Document Type


Date of Award

Spring 5-31-1999

Degree Name

Doctor of Philosophy in Environmental Science - (Ph.D.)


Chemical Engineering, Chemistry and Environmental Science

First Advisor

S. Mitra

Second Advisor

Barbara B. Kebbekus

Third Advisor

Henry Shaw

Fourth Advisor

Richard B. Trattner

Fifth Advisor

James Max Schlegel


The presence of volatile organic compounds (VOCs) in ground and surface water resources poses a threat to public health. The measurement of these trace level contaminants in water is of significant importance. Conventional methods for analysis of trace volatile organic compounds in water include purge and trap, head space analysis, and solid phase microextraction (SPME). While these are excellent laboratory techniques, none of them can be used for continuous, on-line monitoring of water streams. Membrane separation of organic compounds from water provides an exciting possibility for on-line extraction and analysis. In previous investigations, water continuously flowed on the feed side of the membrane and the analytes were continuously removed by an inert gas stream or a vacuum. The measurement was based on steady state permeation. This approach has several limitations. For example, the steady state can not be reached instantly, resulting in a long analysis time. Another limitation is that this instrument can not be used for analyzing small discrete samples.

In this study, a novel approach, referred to as pulse introduction membrane extraction (PIME), is presented. This technique eliminates steady state requirements and can be used for continuous monitoring, as well as for discrete analysis of trace levels of VOCs in water. Water samples are introduced as a pulse into a membrane module. An eluent is used to transport the sample onto the membrane. The permeated organic compounds are extracted by an inert gas, concentrated in a micro-sorbent trap and injected into a GC for analysis.

An aqueous boundary layer which forms at the membrane surface due to the poor mixing of water with the membrane appears to be the major resistance to mass transfer for the permeation process. Boundary layer effects were reduced by nitrogen purge of the membrane, and by an alternative membrane module design. A mathematical model which takes into account the aqueous boundary layer effects was developed to describe the nonsteady state, pulse introduction process. A qualitative model of extraction efficiency is also presented here to illustrate the factors that affect analytical sensitivity.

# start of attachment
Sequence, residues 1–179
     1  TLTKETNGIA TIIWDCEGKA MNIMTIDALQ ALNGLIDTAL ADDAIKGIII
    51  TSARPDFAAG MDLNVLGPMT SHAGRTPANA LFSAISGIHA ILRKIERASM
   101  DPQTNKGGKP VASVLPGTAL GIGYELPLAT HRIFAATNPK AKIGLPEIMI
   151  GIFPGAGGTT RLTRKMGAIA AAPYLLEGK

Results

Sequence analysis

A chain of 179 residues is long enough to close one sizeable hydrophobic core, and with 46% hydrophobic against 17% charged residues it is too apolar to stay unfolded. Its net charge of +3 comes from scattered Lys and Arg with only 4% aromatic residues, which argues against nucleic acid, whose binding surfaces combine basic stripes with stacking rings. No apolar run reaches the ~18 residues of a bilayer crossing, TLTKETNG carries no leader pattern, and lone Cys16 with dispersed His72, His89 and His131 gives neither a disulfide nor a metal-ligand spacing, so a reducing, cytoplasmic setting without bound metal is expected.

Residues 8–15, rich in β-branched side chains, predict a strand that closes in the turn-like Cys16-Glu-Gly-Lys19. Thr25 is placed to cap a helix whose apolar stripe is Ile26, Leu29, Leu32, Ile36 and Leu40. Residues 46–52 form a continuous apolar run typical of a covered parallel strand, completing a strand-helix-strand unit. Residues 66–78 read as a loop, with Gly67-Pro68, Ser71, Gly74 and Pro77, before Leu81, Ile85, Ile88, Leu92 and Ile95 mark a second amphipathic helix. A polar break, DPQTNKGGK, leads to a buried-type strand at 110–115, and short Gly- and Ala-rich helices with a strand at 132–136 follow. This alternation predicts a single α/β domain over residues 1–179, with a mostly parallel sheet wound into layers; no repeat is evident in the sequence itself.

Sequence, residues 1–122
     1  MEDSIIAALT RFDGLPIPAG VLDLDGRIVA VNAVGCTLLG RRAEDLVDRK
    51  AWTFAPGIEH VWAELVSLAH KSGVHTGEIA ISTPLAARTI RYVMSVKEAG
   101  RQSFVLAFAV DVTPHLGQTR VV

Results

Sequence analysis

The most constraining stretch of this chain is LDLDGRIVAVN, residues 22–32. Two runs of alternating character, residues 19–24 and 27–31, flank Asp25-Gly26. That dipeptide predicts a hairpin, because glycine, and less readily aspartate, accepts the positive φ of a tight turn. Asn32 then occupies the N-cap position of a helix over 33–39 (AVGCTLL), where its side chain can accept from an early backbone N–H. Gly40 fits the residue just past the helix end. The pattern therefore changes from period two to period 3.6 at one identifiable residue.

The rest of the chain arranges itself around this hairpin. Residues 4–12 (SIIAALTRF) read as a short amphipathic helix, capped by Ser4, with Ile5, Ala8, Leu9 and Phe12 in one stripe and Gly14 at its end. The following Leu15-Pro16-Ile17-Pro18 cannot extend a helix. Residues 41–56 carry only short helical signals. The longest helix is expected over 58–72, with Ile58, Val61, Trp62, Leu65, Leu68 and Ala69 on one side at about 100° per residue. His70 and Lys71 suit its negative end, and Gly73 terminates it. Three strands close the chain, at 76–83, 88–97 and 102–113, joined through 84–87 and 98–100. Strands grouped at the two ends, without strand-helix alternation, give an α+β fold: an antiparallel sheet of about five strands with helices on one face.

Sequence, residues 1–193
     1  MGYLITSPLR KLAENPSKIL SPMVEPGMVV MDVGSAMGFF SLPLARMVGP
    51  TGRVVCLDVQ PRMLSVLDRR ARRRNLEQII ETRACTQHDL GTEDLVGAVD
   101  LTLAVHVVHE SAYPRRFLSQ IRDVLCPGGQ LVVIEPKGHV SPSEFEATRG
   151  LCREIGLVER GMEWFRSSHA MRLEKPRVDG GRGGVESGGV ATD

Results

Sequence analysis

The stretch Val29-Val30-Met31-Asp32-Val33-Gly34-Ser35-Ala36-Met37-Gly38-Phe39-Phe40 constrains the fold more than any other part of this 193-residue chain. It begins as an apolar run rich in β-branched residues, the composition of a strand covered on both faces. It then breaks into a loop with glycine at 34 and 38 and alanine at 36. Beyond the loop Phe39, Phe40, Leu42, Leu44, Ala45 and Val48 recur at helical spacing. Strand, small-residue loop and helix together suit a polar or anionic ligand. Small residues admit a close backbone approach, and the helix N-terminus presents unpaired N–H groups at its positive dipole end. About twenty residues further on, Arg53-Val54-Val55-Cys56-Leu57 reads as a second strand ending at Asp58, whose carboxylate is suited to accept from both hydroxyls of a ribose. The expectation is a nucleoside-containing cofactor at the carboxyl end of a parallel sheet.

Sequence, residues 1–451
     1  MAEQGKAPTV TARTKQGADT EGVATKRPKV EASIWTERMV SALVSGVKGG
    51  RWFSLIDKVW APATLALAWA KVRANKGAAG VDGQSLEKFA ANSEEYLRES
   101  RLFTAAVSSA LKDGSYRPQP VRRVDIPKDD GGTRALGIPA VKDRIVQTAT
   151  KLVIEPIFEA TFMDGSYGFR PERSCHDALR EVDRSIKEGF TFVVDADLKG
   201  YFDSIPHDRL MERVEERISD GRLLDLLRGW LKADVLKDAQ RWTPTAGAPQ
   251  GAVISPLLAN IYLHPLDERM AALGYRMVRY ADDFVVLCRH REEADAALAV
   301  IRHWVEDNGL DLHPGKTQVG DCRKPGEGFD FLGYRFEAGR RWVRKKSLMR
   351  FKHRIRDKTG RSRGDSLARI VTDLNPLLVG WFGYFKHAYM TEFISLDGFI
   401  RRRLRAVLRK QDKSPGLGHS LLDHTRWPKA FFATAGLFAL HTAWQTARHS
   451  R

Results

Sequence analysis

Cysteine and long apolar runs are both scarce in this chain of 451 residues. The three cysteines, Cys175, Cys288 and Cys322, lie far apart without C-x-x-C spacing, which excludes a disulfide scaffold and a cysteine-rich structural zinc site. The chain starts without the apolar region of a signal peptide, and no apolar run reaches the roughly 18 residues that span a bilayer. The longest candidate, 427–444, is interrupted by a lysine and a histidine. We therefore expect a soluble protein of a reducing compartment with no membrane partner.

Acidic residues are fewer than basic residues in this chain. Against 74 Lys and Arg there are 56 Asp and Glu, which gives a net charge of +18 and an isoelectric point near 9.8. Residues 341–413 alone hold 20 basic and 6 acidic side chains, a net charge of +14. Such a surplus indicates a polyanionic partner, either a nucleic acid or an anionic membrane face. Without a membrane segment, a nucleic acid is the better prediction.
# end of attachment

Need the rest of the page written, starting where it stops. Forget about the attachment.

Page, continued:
The combination of system optimization, nitrogen purge and improved module design results in higher sensitivity and faster response than other methods reported in the technical literature. Detection limits are at ppb levels, precision and extraction efficiency are excellent. As the result of this research, the capability of continuous monitoring of trace levels of organic compounds in water has been demonstrated.

The PIME system was compared with previously reported steady state membrane permeation system. The advantages of the PIME system include higher sensitive and faster response and can also be used for discrete sample analysis. Comparison of the PIME with the purge and trap technique, which is currently the most popular method for VOCs analysis, showed that the results are in good agreement. Contaminated ground water samples from the Naval Engineering Research Station were analyzed to demonstrate the practicality of the PIME system.

This study was extended to the analysis of sernivolatile organic compounds (SVOCs) in water. Continuous monitoring of SVOCs in water using membrane extraction and on-line HPLC analysis was explored. The system was based on continuous extraction rather than pulse introduction. It demonstrated the capability for enriclunent of SVOCs from water into a solvent. Continuous monitoring of SVOCs was demonstrated at ppb level using HPLC. System parameters which affect the enrichment factors were studied.



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